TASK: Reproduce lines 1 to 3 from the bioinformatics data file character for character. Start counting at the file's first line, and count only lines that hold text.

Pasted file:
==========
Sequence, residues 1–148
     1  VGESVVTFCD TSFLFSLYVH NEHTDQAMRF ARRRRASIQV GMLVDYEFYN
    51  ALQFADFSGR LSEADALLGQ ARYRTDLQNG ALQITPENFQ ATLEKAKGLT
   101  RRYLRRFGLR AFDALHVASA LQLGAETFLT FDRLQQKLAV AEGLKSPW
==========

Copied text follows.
Sequence, residues 1–148
     1  VGESVVTFCD TSFLFSLYVH NEHTDQAMRF ARRRRASIQV GMLVDYEFYN
    51  ALQFADFSGR LSEADALLGQ ARYRTDLQNG ALQITPENFQ ATLEKAKGLT